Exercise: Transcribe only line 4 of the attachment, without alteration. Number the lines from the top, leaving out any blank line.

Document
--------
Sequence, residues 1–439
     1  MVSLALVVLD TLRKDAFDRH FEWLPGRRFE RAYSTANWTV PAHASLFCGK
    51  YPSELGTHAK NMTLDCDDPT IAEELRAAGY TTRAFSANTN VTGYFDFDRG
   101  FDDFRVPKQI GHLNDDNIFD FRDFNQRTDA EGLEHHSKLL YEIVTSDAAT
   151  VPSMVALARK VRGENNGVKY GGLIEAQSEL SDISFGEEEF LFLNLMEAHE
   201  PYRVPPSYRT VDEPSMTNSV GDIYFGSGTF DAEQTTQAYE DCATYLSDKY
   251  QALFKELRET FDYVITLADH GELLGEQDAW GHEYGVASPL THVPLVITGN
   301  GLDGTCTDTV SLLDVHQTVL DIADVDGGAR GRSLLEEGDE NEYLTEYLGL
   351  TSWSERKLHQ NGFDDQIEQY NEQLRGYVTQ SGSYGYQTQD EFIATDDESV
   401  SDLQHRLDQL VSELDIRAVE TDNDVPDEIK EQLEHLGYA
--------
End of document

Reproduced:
   101  FDDFRVPKQI GHLNDDNIFD FRDFNQRTDA EGLEHHSKLL YEIVTSDAAT